Mar 10, 2005
Florida Tomato Pickers, Taco Bell Reach Agreement

In what they called a precedent-setting move, fast-food industry leader Taco Bell Corp., a division of Yum! Brands, agreed to work with the Coalition of Immokalee Workers (CIW) – a farm worker organization – to address wages and working conditions of farm workers in the Florida tomato industry. The announcement was made March 8 in a joint press release.

According to the agreement, Taco Bell will fund a penny-a-pound “pass-through” with its suppliers of Florida tomatoes, and will undertake joint efforts with the CIW on several fronts to improve working conditions in Florida’s tomato fields.

The CIW agreed to end its three-year boycott of Taco Bell, saying that the agreement “sets a new standard of social responsibility for the fast-food industry.”

The CIW, a group of mostly Hispanic laborers from the tomato-growing region around Immokalee, Fla., had sponsored a three-year campaign called the “Taco Bell Truth Tour.” The effort asked people to stay away from Taco Bell restaurants until the company pressured tomato growers to provide better wages and living conditions for farm workers. The workers’ cause gained support from a broad coalition of groups and individuals.

Financially, the deal will cost Taco Bell about $100,000. It buys about 10 million pounds of Florida tomatoes each year. For the 1,000 pickers who harvest tomatoes for Taco Bell suppliers, that figures out to $100 each per year.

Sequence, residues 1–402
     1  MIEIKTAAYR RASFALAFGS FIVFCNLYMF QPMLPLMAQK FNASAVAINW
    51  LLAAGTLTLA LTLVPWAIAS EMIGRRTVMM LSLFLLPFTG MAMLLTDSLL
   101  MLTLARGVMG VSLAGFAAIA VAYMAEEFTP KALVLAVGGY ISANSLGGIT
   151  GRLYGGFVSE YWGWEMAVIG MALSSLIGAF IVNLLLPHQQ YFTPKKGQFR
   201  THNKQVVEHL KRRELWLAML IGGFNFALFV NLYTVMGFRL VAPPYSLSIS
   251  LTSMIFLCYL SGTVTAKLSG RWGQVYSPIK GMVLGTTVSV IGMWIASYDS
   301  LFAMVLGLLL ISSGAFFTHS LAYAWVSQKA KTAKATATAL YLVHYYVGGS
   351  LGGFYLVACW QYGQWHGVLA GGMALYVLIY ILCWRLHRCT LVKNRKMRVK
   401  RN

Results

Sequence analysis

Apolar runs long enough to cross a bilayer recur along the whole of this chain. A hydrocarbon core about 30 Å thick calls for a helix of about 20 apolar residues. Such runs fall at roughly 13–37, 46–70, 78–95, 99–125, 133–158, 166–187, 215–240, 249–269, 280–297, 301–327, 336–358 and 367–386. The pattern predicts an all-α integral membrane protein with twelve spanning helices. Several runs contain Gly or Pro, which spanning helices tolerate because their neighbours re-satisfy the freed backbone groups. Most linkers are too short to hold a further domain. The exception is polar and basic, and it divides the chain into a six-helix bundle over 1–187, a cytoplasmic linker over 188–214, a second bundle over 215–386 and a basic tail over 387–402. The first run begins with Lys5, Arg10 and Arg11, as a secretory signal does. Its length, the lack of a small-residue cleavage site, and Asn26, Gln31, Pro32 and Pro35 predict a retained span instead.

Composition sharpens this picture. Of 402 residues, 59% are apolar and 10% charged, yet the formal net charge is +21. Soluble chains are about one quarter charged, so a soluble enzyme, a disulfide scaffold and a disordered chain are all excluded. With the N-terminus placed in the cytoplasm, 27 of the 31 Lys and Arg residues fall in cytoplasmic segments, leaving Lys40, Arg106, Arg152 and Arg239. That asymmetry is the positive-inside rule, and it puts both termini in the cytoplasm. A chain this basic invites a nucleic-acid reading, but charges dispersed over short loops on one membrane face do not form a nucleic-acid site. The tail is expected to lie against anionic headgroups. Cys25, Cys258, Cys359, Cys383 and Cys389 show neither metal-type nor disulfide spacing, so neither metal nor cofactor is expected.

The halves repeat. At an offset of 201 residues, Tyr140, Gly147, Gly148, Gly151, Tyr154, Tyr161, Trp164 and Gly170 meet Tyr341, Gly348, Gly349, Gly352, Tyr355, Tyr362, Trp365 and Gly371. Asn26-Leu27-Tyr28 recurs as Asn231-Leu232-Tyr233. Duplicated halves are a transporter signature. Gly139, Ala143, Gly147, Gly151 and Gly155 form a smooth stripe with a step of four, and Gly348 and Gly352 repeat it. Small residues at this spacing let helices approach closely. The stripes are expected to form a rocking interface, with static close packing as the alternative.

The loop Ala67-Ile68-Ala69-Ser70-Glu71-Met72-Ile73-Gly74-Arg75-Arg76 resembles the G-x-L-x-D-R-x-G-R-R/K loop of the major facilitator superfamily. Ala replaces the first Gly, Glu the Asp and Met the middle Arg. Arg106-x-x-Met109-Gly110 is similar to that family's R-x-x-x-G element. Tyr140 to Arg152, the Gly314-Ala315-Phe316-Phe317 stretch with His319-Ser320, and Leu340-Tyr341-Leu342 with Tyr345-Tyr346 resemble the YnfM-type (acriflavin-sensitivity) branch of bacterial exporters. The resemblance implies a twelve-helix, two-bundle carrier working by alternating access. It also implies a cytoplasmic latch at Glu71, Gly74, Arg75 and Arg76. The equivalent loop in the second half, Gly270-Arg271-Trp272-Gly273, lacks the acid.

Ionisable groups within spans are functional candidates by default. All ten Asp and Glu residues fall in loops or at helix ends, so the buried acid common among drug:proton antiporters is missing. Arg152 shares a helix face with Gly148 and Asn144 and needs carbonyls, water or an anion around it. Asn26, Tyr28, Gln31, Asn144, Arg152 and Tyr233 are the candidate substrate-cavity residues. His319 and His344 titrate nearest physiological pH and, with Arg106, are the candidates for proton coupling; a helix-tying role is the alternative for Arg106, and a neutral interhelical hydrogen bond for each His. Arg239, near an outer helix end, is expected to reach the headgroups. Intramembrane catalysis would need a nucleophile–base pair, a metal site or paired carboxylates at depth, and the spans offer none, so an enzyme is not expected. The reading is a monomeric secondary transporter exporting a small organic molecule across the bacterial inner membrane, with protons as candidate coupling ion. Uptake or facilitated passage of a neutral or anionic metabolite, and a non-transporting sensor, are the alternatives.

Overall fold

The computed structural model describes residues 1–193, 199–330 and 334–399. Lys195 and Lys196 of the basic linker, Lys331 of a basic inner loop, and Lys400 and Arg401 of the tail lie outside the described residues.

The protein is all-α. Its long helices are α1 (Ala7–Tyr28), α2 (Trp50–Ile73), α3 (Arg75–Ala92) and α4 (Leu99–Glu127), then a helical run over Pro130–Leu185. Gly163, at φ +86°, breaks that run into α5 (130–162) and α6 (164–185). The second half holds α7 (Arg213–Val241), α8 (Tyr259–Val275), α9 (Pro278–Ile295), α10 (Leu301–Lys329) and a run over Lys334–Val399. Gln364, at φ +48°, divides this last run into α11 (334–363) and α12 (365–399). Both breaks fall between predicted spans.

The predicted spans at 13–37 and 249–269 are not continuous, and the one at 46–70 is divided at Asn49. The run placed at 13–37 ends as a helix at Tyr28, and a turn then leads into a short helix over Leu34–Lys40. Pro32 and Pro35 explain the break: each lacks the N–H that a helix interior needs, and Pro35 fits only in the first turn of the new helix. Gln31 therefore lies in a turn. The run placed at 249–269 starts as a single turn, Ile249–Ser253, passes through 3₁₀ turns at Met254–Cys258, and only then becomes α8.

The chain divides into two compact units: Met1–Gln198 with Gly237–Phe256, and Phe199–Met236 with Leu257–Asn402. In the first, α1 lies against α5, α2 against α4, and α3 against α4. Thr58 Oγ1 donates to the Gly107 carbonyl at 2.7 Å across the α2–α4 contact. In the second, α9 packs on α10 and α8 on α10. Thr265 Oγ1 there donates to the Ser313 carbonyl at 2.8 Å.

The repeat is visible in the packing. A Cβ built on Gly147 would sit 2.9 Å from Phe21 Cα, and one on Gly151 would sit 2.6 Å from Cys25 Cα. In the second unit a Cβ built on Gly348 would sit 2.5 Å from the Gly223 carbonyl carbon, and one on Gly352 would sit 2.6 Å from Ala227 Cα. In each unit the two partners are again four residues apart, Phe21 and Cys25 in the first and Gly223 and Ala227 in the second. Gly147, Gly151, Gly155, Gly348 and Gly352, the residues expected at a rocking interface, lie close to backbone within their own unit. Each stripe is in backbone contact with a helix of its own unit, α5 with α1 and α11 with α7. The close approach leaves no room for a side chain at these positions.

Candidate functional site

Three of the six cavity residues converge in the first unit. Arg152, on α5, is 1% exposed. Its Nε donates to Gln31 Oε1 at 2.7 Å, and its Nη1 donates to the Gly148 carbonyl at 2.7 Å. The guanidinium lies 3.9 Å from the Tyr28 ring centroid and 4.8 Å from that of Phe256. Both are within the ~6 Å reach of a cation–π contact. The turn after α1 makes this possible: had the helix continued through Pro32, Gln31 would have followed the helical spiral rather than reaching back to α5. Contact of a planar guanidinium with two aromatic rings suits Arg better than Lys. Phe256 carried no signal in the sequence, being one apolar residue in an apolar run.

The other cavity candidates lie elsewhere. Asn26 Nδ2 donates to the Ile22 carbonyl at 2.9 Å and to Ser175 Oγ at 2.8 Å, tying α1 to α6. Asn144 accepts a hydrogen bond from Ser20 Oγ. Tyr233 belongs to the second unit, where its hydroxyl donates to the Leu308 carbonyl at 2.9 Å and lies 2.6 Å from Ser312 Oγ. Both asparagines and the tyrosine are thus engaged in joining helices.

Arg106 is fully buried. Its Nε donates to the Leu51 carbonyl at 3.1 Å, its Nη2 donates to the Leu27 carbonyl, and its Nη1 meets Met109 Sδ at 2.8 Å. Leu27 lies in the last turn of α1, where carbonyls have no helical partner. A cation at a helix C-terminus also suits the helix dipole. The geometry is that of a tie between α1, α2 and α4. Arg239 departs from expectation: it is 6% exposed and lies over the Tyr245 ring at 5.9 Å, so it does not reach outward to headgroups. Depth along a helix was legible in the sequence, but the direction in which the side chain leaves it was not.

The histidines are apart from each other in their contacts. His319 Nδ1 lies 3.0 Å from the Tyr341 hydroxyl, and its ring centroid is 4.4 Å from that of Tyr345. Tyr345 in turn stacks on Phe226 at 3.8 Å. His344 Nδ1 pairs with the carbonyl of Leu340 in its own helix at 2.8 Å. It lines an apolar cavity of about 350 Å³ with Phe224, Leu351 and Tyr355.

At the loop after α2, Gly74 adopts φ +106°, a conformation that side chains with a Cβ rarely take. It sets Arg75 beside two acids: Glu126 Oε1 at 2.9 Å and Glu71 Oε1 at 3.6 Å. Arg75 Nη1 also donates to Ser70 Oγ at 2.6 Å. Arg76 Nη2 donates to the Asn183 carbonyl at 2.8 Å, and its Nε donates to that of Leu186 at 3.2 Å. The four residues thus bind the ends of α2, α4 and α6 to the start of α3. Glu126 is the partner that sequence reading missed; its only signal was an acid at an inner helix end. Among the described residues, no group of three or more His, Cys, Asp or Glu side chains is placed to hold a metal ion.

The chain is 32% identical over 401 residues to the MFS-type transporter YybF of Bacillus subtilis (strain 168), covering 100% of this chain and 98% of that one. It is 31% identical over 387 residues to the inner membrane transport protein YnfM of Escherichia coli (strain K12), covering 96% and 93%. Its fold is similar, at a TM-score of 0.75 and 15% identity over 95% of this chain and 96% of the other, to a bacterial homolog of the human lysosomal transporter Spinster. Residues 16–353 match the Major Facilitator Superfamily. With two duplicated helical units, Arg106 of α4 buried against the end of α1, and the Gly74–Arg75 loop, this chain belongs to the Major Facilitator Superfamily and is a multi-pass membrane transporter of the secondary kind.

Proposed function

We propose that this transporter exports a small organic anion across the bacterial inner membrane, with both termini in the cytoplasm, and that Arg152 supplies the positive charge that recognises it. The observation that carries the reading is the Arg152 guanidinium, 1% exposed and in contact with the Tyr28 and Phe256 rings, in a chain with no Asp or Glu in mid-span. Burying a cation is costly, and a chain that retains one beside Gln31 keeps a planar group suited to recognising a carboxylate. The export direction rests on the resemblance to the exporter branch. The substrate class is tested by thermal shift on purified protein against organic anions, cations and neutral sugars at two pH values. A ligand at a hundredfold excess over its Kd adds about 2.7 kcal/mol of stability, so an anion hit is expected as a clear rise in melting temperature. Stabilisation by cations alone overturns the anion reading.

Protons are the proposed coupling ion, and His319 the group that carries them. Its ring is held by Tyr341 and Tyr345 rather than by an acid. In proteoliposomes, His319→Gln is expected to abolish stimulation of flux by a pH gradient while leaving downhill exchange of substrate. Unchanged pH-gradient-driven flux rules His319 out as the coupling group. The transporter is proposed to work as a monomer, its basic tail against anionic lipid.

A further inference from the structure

The reason for the seemingly low impact is that Taco Bell buys only 1 percent of Florida’s production.

But the 1-cent-a-pound increase will boost worker wages 32 cents a bucket on tomatoes picked for Taco Bell, 160 to 180 percent of current levels of 40 to 50 cents a bucket.

“As an industry leader, we are pleased to lend our support to and work with the CIW to improve working and pay conditions for farm workers in the Florida tomato fields,” said Emil Brolick, Taco Bell president. “We recognize that Florida tomato workers do not enjoy the same rights and conditions as employees in other industries and there is a need for reform.

“We have indicated that any solution must be industry-wide, as our company simply does not have the clout to solve the issues raised by the CIW, but we are willing to play a leadership role within our industry to be part of the solution,” Brolick said.

“This is an important victory for farm workers, one that establishes a new standard of social responsibility for the fast-food industry and makes an immediate material change in the lives of workers,” said Lucas Benitez, a leader of CIW. “This sends a clear challenge to other industry leaders.”




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